Papeete, Tahiti, Society Islands, French Polynesia
As previously mentioned, music is a major part of these peoples’ lives.
Outside the market and along the main drag of the city is a bank that more importantly serves as the unofficial gathering place for the Papeete street band. Guitars, ukuleles, a guy with a plastic garbage can bass and a bottle cap maracas. We already knew Polynesians had a knack for musical adaptation and the Tahitians did not disappoint. This informal gathering of street performers have been playing daily long enough to be in most of the tourist and travel books as a recommended destination. They’re really that good.
Listening to these guys inspired us to learn more about their version of the ukulele. As we mentioned before in our virtual ukulele Christmas card there are 2 kinds of ukulele: the Hawaiian and the Tahitian.
The ukulele Greg carries around is the “tiny guitar” that most Americans think of when they picture island music. It is thicker and produces a lower note. Most Polynesians refer to it as a “Kamika” due to the fact that a popular brand of Hawaiian ukulele is made by that brand. It’s like calling a cotton ear swab a “Q-tip.”
While in Tahiti we picked up a Tahitian ukulele for Tiffany. This ukulele is longer than the Hawaiian and much thinner. It is made out of solid wood and though both have 4 stringed notes and both are tuned to the same notes, the Polynesian ukulele’s sound is more akin to a banjo in tone. Also, the Polynesian ukulele has 4 double strings and is strung with common fishing wire instead of specialized instrument strings.
The ukulele itself is in fact a newcomer to Polynesian music. According to what we have been told by the locals, this is thanks to Portuguese sailors and immigrants. Original Polynesians did not use stringed instruments. They instead made use of percussion instruments and wind instruments carved from wood. When the Portuguese sailors and later immigrants showed the Polynesians their stringed instruments, the Polynesians enjoyed the music and wanted their own. So were the beginnings of the ukulele, from which the two subsets have further developed.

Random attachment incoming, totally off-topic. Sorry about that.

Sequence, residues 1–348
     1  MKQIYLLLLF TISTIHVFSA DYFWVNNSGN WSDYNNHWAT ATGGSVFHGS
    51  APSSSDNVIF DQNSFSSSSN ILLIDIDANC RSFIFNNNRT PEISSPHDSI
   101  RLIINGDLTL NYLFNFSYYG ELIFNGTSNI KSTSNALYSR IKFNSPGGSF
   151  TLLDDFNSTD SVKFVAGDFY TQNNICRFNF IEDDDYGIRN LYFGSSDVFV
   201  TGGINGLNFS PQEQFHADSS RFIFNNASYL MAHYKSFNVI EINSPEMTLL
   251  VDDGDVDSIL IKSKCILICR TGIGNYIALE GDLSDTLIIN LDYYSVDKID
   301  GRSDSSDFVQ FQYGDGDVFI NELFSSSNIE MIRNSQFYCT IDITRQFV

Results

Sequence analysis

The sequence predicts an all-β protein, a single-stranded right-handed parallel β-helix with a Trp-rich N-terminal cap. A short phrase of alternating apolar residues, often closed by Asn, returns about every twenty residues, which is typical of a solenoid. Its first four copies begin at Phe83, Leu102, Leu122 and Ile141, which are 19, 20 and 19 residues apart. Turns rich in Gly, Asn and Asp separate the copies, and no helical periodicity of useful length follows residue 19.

We also noticed something unusual while walking around the city regarding music. While we knew the Polynesian people had an affinity for dance music, what we did not realize before was that Polynesian kids seem to prefer boom boxes to earphones.
It was a big shift from the San Francisco bay area, where no matter where you were, people would have their earphones in and be listening to music or talking on their phone. By sticking those buds in their ears they had managed to completely segregate themselves from the people around them. It always seemed…well, wrong really. Just wrong and a bit rude, not to mention somewhat unsafe, to shut yourself off completely from society while transiting through it. Felt like they had missed an opportunity to interact with the world around them. In Polynesian society though, all the teenagers walk around with their IPods plugged into speakers blaring music. Walking down the street you get quite the smorgasbord of musical variety and it’s a great way to keep up on local musical trends. We suppose, in a sense, it’s more rude to play your music in public than to wall yourself off from society with it but it seemed less rude in our minds. Perhaps it was because we didn’t have an important cell phone call at the time or because we’re on vacation but it just seemed more…just more social to have a group of people listening to the same music and talking than to have a group of people standing around all intentionally ignoring each other.
Which would you prefer?